The Social Dilemma - what does this mean for our classrooms?

Uncategorized Sep 29, 2020
Netflix has just released a new documentary called ‘The Social Dilemma’ and it is making waves. It dives into our use of social media, or rather, social media’s usage of us. 
That’s right - IT uses US. WE are the product. 
The amount of data gathered on us, based on our activity on social media is huge. This data is then used to influence us, whether it be by companies to buy their products, or to vote certain ways in elections for example, without us even being aware of it. 
Apps like Facebook, Instagram, Snapchat, Tiki Tok, Twitter, and so on are designed in order to keep us addicted to using them, so that we spend more time on them, therefore giving them more data on us. 
Whilst there have been some positive impacts of social media, there are many negative implications for the future of our society: 
  • Mental health: there has been a rise in depression, anxiety and suicide within the teen population that seems to have a high degree of correlation to the increased use of social media. This is due to a number of factors, such as continually seeking external validation through ‘likes’ and comments as a measure of self-worth. Online bullying is rife, of which there is no escape. Constant comparison to people's 'highlight reels' creates feelings of inadequacy. It’s also causing a lack of sleep, which impacts on both physical and mental health, as well as the ability to focus and concentrate at school or work. 
  • Impacts on social connection - whilst social media has increased the amount of ‘connection’ in various ways, it impacts upon real-life social connection, such as parents who ignore their children because they are addicted to their phones, to teenagers who sit together on their phones instead of having a conversation. A lack of real-life social connection can impact on our emotional and mental wellbeing (as has been made extremely evident during lock-downs as a result of the pandemic).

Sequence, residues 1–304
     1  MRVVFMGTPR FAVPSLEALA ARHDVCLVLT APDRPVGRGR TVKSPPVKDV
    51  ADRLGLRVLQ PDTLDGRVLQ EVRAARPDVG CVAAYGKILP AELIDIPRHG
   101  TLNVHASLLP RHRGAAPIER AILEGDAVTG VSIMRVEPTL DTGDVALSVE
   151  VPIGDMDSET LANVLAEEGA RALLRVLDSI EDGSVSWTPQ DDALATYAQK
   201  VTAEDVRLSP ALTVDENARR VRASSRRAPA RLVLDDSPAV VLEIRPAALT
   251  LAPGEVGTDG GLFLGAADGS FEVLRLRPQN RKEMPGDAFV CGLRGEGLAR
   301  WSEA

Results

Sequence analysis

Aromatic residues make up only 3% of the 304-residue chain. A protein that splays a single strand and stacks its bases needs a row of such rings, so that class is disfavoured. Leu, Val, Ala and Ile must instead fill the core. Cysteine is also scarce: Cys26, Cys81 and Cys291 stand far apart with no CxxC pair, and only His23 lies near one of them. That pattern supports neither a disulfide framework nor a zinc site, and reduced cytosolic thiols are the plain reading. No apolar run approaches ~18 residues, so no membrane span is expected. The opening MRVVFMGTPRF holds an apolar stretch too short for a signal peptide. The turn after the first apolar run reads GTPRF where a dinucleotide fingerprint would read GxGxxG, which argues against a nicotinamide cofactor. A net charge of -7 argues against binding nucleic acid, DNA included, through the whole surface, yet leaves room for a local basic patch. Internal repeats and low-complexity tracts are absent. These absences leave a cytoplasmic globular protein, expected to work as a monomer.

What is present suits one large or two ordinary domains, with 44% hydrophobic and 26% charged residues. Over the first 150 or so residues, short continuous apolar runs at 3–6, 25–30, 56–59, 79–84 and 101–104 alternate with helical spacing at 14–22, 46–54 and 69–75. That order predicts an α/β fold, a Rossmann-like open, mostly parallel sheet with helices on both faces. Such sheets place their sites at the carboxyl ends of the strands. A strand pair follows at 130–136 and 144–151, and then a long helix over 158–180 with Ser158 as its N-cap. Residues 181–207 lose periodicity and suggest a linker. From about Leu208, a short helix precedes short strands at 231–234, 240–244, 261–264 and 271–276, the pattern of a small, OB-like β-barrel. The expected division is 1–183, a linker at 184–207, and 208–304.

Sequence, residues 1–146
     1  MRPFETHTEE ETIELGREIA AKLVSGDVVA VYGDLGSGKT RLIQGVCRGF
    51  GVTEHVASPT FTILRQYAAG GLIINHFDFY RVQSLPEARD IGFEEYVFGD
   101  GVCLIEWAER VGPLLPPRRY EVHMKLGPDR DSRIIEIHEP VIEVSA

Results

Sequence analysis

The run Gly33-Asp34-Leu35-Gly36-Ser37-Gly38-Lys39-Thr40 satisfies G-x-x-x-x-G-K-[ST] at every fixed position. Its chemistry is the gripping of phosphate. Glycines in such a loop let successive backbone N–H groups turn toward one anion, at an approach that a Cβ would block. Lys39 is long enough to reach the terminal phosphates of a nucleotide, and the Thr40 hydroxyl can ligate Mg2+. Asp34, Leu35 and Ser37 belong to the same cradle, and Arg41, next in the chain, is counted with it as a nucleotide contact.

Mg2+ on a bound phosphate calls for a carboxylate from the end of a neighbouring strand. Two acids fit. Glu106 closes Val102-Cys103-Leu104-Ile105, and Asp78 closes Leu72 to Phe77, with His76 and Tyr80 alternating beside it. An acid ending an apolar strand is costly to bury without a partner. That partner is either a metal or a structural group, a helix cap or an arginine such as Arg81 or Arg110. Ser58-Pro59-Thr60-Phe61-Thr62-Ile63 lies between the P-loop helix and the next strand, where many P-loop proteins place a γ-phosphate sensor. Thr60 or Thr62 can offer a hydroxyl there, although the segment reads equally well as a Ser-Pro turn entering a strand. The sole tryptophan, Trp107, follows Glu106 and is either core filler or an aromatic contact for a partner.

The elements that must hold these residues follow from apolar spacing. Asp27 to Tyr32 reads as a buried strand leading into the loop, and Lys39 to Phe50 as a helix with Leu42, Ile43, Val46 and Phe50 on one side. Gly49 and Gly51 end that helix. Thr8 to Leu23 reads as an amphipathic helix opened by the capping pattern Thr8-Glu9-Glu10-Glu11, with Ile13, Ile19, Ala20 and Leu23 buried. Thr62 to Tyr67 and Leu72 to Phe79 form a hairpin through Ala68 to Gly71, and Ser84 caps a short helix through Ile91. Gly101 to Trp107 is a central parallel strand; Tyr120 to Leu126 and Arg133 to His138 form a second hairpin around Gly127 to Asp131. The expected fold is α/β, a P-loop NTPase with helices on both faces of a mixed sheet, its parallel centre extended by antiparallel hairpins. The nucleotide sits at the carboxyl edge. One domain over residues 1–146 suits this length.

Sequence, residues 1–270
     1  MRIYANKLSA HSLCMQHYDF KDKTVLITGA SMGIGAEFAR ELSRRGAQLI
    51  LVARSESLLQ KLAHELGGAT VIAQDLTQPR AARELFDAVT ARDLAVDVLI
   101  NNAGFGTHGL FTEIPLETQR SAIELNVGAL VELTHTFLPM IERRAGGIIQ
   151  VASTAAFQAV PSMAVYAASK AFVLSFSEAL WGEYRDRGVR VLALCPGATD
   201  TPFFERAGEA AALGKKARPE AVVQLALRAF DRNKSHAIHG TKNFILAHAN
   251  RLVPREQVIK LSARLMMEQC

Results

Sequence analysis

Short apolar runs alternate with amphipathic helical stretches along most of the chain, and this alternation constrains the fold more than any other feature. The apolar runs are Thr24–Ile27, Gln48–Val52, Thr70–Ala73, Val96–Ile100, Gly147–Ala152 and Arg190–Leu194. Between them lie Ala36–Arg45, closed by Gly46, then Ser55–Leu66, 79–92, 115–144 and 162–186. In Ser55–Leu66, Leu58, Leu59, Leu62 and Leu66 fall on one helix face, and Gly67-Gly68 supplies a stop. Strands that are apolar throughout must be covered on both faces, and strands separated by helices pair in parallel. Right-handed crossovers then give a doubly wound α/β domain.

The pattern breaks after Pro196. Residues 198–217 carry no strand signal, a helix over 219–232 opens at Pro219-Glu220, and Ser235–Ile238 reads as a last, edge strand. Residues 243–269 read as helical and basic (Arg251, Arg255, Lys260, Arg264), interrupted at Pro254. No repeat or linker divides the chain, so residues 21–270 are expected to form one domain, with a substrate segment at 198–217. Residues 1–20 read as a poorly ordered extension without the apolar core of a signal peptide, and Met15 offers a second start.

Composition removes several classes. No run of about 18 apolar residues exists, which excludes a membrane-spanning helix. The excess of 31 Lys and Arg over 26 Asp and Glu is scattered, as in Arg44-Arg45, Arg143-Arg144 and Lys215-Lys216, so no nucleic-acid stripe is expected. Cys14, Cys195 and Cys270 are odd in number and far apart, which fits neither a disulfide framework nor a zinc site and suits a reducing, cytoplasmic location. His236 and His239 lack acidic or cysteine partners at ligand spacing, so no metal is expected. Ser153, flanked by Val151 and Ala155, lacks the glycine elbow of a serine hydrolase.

• It causes people to be ‘consumers’ rather than ‘creators’ - our world needs more creators and problem solvers in order to deal with the challenges of the future, however we spend so much time consuming information on social media that it leaves very little time for us to create or come up with anything original. 
  • It’s changing our brain - the constant scrolling has shortened our attention span and increased rates of distraction. 
  • The age of ‘disinformation’ - many people are being led astray by ‘fake news’, which is perpetuating biases and causing more division and conflict in society. 
  • A weakened democracy - social media increases the chances of your vote being influenced by a biased perspective, as the algorithm is designed to keep giving you the same type of content that you have previously viewed, liked or commented on. This means that you are not getting any alternative perspectives, which inhibits your ability to make a fully informed decision. There is also the potential to use social media to influence an election result, as can be seen in the 2016 election in America, in which Russia used Facebook in order to spread disinformation, in order to create tension, distrust, confusion and disillusionment.
So what does this mean for our classrooms? 
  • Awareness and education - we need to be taking any opportunity available to educate our students on this topic so that they are aware of the potential negative impacts and how best to manage them.
  • Spend more time in class developing important 21st century skills, such as: 
    • Critical thinking skills - more time needs to be spent on helping students develop their ability to think critically and assess information for reliability and bias. 
    • Knowledge construction - the creation of new ideas and knowledge. 
    • Creativity, innovation and problem solving. 
    • Emotional intelligence
    • Collaboration/ people skills 
These are the skills that will combat the negative effects of social media, and these are also the skills that will be in high demand by employers, so it makes sense that this should be our focus as teachers. 
What are your thoughts on this topic? 

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